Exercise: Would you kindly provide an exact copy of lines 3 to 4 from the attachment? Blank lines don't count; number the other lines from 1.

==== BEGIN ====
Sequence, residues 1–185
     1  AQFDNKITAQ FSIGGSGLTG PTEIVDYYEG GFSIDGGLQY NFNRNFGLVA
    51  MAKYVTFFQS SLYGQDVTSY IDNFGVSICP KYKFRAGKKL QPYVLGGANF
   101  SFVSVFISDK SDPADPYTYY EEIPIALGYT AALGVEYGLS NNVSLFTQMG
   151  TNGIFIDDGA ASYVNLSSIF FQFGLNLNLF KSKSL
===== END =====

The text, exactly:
    51  MAKYVTFFQS SLYGQDVTSY IDNFGVSICP KYKFRAGKKL QPYVLGGANF
   101  SFVSVFISDK SDPADPYTYY EEIPIALGYT AALGVEYGLS NNVSLFTQMG